That’s one tough gig. You gotta feel for ‘em.

Photo by Tom Harpel 


Visit www.lorrainedevonwilke.com for details and links to LDW’s books, music, photography, and articles.

The Politics of Political Harassment: Might It Need a Law Too?

He walked into the lunchroom like he was walking onto a campaign bus; poster of “his” presidential candidate in hand, he marched to the community bulletin board, tacked it up, and announced loudly, “This is the next president of the United States. Anyone who doesn’t think so probably shouldn’t be eating at my tables.” Yep. He was the boss. He quickly laughed and said “Relax, I’m just kidding!” before making his exit but the point had been made. Everyone looked silently at each other before getting back to their soup and turkey wraps.

A new young employee finds herself in benign conversation with a supervisor about the Vice Presidential debate, all very generic and anecdotal, when the supervisor leans in with a paternal arm around her shoulder and says, “Can’t be undecided now, right? Who are you voting for, by the way?” Before new young employee can answer, he quickly responds, “Because everyone here is pretty much for _____________.” He squeezes her shoulder, gives her a wink, and walks off. She gulps and shuffles back to her cubicle.

A group of department heads with varying degrees of seniority are gathered for a human resources seminar. Before long, and before the official meeting starts, the conversation steers to politics and, without subtlety or discretion, five out of the seven begin discussing what “an idiot” the President is; laughing about his name, his “lack of religion,” and his “dubious” birth certificate. The other three? Two are relatively new to the company and the third is departing shortly on maternity leave. Speak up? What do you think?

And lastly, this past Monday the CEO of Westgate Resorts, David Siegel, sent out a company-wide email detailing why he was voting for Mitt Romney and what would happen to his employees if they didn’t. According to CNBC’s Robert Frank:

“Siegel stressed that he wasn’t out to intimidate his workers into voting for Romney. ‘I can’t tell anyone to vote,’ he said. But he wants to make sure his workers made an informed choice. ‘I want my employees to be educated on what could happen to their future if the wrong person is elected.’”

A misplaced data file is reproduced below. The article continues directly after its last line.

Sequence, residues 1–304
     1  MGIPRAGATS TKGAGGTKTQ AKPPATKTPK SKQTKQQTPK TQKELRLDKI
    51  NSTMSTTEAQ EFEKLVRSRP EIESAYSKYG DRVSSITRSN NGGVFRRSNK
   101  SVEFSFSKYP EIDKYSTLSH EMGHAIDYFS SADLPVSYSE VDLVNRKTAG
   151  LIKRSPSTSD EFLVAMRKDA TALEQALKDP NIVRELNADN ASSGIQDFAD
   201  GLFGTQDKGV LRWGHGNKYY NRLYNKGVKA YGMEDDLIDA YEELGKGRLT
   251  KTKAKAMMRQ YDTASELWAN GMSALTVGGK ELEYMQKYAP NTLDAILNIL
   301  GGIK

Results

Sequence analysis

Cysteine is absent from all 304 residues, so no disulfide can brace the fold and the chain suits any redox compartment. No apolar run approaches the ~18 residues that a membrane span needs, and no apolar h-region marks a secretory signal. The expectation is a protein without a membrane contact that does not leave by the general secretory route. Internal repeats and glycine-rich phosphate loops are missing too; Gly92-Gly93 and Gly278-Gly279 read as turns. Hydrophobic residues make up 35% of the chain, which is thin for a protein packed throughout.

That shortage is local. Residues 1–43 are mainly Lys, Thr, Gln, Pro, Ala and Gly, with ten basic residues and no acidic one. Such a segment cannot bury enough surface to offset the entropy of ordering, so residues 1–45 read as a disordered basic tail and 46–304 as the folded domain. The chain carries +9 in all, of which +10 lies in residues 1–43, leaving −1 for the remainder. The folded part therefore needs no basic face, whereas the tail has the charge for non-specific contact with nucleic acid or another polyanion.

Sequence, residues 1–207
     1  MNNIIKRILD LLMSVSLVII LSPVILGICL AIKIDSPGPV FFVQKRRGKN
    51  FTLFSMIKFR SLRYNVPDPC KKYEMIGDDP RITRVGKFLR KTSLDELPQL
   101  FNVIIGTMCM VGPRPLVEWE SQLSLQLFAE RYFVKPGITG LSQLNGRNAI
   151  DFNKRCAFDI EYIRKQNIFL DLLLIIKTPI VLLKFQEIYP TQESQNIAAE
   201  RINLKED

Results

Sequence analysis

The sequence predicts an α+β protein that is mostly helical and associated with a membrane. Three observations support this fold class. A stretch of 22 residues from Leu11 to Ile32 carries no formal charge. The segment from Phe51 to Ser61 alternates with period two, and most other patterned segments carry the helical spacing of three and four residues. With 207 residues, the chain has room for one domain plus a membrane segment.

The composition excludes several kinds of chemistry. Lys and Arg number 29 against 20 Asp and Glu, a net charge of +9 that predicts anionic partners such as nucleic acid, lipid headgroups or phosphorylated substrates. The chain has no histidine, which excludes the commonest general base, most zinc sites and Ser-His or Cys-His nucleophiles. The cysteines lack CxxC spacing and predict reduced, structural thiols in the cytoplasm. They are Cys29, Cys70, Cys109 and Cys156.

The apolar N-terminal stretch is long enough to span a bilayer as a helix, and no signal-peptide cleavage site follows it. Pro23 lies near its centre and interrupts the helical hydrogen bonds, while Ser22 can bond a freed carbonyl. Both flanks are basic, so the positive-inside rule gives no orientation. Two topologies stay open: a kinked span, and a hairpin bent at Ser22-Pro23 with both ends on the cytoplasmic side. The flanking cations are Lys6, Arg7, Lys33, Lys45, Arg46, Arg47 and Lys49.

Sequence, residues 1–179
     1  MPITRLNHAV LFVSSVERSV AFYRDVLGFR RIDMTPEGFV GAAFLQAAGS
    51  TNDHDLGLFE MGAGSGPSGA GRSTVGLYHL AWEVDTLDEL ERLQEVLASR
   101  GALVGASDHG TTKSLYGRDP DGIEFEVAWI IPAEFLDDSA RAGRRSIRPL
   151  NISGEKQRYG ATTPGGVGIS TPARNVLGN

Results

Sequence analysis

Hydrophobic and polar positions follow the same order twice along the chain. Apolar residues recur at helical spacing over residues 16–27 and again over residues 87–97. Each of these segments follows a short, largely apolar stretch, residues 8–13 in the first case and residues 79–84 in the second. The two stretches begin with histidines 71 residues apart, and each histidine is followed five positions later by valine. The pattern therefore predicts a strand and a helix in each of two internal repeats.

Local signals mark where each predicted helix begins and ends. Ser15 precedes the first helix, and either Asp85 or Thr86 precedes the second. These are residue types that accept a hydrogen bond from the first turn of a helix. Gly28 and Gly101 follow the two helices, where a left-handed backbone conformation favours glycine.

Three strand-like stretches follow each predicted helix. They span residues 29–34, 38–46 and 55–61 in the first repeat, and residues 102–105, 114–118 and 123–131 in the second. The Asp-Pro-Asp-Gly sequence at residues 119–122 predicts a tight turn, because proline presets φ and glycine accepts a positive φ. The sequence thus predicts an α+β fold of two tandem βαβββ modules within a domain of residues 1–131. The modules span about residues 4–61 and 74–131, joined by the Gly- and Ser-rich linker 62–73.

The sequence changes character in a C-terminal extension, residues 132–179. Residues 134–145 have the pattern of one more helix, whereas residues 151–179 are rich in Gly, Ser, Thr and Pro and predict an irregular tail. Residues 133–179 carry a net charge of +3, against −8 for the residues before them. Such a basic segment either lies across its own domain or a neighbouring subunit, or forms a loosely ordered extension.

The story and Siegel’s full email can be found here: CEO to Workers: I May Fire You If Obama Wins. Important to read, I think.

In case the thought struck you too, here’s the legal definition of another kind of harassment:

Sexual harassment is a form of sex discrimination. The legal definition of sexual harassment is “unwelcome verbal, visual, or physical conduct of a sexual nature that is severe or pervasive and affects working conditions or creates a hostile work environment.”

Now let’s add in the paragraph about how this harassment affects working conditions:

Affects Working Conditions or Creates a Hostile Work Environment: If you are fired, refused a promotion, demoted, given a poor performance evaluation, or reassigned to a less desirable position because you reject a sexual advance, that almost certainly is sexual harassment. Even if the conduct does not result in economic injury or change of status to your job, it may be sexual harassment if the conduct unreasonably interferes with your work performance or creates an “intimidating, hostile, or offensive work environment.” For example, it may be illegal sexual harassment if repeated sexual comments make you so uncomfortable at work that your performance suffers or if you decline professional opportunities because it will put you in contact with the harasser.

Seems pretty clear. Now, just as an exercise, let’s replace all the “sex” words in both paragraphs with words related to “politics”:

Political harassment is a form of civic discrimination. The legal definition of political harassment is “unwelcome verbal, visual, or physical conduct of a political nature that is severe or pervasive and affects working conditions or creates a hostile work environment.”

Affects Working Conditions or Creates a Hostile Work Environment: If you are fired, refused a promotion, demoted, given a poor performance evaluation, or reassigned to a less desirable position because you reject a political suggestion, inference, or demand, that almost certainly is political harassment. Even if the conduct does not result in economic injury or change of status to your job, it may be political harassment if the conduct unreasonably interferes with your work performance or creates an “intimidating, hostile, or offensive work environment.” For example, it may be illegal political harassment if repeated political comments make you so uncomfortable at work that your performance suffers or if you decline professional opportunities because it will put you in contact with the harasser.